It’s a raw truth but accepting it was liberating. It made me focus on my life, my happiness, and it definitely made me happier. Remember, comparison is the thief of joy – don’t let it steal yours.

4) “No” to overthinking

I used to dwell on past mistakes, worry about future uncertainties, and over-analyze everything in between. It was exhausting and far from conducive to happiness.

So, I decided to start saying no to overthinking – to accept problems as a natural part of life and stop expecting smooth sailing at all times.

This shift in mindset was not easy, but it was a game-changer. It helped me put my worries in perspective and allowed me to handle difficult situations more calmly.

It’s not the problems that hold us back, but our reaction to them. By saying no to overthinking, you make room for more peace, clarity, and yes – happiness.

5) “No” to constant positivity

“Life is not a problem to be solved, but a reality to be experienced,” the philosopher Soren Kierkegaard once said. 

This statement may seem counterintuitive, but hear me out. Society often pressures us to maintain a constant state of positivity, but that’s not realistic or even healthy.

Life isn’t always sunshine and rainbows. We experience a range of emotions, from joy to sadness, anger to excitement. All these feelings are part of the human experience and it’s okay to feel them.

I started saying no to the idea of constant positivity. Instead, I allowed myself to feel all emotions, even the uncomfortable ones. I found that by acknowledging and accepting these feelings, rather than trying to suppress or ignore them, I felt more balanced and, surprisingly, happier.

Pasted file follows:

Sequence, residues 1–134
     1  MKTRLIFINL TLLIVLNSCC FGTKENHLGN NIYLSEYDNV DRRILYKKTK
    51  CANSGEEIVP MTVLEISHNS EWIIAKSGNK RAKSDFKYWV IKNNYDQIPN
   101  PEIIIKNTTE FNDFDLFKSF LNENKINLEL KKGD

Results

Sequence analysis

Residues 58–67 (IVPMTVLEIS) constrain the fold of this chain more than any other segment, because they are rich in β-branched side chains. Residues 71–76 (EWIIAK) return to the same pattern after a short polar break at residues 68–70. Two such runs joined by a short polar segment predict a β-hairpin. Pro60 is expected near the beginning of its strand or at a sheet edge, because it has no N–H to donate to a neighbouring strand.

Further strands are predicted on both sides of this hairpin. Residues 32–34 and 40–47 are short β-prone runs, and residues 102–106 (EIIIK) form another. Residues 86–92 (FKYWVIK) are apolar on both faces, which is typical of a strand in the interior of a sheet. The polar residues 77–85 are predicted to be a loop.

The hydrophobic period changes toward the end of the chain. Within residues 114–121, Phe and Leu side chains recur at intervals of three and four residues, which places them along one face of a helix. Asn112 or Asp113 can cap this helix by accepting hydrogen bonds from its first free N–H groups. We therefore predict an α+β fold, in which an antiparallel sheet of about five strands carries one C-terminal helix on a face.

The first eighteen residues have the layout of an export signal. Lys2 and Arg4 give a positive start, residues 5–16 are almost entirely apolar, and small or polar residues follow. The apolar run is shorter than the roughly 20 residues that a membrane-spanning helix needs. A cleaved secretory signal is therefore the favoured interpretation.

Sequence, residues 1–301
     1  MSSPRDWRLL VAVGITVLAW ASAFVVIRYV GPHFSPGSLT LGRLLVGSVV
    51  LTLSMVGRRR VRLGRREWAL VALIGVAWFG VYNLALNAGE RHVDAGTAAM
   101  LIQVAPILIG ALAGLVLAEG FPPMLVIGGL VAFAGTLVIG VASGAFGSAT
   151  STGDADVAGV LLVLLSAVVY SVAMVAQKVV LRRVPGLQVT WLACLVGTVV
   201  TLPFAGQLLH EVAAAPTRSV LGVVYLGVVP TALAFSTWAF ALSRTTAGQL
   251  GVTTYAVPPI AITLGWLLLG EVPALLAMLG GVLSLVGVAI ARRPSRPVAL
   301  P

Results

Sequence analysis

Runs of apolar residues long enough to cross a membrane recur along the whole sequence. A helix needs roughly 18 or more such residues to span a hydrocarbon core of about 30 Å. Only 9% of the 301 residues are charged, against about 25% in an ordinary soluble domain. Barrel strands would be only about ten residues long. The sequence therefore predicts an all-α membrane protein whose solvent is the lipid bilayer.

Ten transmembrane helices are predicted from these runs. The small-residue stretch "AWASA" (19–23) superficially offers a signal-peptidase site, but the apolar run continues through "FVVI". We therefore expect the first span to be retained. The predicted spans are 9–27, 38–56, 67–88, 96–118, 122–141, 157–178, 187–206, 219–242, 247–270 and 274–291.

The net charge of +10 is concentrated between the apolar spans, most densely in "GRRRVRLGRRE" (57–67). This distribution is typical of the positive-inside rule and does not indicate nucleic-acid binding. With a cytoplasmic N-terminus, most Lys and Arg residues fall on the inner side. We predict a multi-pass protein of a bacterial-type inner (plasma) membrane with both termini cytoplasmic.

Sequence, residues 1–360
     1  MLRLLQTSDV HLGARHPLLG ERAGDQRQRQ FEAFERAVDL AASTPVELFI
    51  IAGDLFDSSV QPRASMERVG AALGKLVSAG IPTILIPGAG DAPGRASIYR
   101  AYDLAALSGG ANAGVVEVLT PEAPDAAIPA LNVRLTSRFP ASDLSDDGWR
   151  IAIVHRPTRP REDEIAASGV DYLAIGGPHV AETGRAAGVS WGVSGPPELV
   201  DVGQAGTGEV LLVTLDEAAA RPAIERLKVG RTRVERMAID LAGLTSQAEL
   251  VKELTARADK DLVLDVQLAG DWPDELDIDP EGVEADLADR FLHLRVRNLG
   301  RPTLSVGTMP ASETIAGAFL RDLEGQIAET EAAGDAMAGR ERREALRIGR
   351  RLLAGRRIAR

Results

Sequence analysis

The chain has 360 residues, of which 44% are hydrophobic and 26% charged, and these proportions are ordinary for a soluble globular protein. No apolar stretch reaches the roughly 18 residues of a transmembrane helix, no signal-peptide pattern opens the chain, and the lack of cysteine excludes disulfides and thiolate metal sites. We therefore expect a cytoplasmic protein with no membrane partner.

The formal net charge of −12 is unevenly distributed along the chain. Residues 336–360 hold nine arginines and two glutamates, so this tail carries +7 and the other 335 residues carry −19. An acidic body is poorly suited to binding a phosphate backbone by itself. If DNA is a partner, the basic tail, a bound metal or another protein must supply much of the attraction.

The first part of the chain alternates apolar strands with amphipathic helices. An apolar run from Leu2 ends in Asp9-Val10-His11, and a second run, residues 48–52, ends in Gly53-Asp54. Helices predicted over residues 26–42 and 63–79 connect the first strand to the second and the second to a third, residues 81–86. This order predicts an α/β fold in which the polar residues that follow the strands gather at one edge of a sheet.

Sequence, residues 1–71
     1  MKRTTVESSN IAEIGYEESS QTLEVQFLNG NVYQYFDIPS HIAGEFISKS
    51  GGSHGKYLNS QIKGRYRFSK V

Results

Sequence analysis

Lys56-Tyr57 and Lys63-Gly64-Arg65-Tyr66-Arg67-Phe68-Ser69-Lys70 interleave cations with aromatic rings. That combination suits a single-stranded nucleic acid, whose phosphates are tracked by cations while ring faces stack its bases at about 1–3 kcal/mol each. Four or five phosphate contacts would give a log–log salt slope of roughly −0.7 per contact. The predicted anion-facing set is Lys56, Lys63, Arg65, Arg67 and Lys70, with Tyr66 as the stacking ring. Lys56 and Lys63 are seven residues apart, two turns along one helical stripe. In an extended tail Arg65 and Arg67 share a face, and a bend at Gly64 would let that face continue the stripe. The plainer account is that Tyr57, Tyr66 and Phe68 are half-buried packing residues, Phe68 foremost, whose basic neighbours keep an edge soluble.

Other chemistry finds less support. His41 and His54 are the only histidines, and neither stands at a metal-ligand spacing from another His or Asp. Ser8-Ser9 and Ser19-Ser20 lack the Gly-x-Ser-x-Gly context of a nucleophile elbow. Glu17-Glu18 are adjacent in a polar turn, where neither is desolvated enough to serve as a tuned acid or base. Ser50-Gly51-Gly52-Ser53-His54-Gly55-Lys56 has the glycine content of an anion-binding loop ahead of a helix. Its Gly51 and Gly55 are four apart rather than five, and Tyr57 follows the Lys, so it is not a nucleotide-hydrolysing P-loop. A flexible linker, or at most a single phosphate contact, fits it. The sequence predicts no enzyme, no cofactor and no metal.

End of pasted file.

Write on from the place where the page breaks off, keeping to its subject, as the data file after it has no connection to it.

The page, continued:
It’s okay not to be okay all the time. Life is a reality to be experienced in its entirety, not just the positive parts.

6) Living with a bloated ego

We all have an ego. It’s that part of us that desires recognition, craves superiority, and hates being wrong. But when our ego starts to inflate, it can seriously hinder our happiness.

I’ve experienced this firsthand. There were times when my ego got the better of me, causing rifts in relationships and creating unnecessary stress. As I delved deeper into the teachings of Buddhism, I realized that a bloated ego was doing me more harm than good.

In my book, Hidden Secrets of Buddhism: How To Live With Maximum Impact and Minimum Ego, I explore how Buddhist teachings can guide us to deflate the ego without diminishing our self-worth or ambition.

When we learn to say ‘no’ to an inflated ego, we open up space for empathy, patience, and understanding – qualities that contribute significantly to a happier life.

Humility isn’t about thinking less of yourself; it’s about thinking of yourself less and focusing on the bigger picture. That is where true happiness resides.

7) “No” to overworking

Psychologist Abraham Maslow once said, “If you plan on being anything less than you are capable of being, you will probably be unhappy all the days of your life.”

For a long time, I misinterpreted this quote. I thought it meant I had to work tirelessly, push myself to the limits, and achieve as much as possible to realize my potential.

But I was wrong. Overworking led to burnout, stress, and ironically, made me less productive. It took a toll on my health and happiness.